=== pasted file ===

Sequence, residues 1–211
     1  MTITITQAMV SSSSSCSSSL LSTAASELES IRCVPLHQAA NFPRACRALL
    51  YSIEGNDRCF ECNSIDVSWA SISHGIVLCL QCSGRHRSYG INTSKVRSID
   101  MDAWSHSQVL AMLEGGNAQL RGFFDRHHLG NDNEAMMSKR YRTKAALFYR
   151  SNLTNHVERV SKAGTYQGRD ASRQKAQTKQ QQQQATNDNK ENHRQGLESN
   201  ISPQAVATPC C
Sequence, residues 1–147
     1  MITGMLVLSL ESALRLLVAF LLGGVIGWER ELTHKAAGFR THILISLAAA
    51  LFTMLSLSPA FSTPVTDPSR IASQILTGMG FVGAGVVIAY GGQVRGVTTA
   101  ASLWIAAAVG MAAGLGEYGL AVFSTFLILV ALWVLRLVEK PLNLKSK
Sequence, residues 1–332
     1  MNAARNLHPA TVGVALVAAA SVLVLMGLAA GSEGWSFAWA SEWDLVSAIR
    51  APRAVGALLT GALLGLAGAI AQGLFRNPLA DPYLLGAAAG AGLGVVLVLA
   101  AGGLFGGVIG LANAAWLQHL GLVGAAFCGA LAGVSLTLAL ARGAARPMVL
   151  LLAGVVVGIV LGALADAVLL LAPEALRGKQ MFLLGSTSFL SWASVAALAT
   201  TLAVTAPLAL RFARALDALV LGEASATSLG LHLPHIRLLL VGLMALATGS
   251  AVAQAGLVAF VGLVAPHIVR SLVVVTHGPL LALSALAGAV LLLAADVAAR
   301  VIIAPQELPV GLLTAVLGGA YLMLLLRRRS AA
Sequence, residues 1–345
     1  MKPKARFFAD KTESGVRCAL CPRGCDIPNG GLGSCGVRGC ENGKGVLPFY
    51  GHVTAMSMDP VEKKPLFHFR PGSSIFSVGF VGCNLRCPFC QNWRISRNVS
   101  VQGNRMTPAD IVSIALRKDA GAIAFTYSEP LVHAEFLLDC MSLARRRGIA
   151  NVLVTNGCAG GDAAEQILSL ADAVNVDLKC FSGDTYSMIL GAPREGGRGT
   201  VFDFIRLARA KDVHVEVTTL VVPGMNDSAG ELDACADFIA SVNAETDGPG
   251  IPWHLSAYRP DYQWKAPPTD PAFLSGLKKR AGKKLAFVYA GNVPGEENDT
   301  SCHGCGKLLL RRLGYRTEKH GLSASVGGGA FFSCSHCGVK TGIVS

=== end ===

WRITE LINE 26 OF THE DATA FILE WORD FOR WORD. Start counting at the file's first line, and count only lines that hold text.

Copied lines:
   301  SCHGCGKLLL RRLGYRTEKH GLSASVGGGA FFSCSHCGVK TGIVS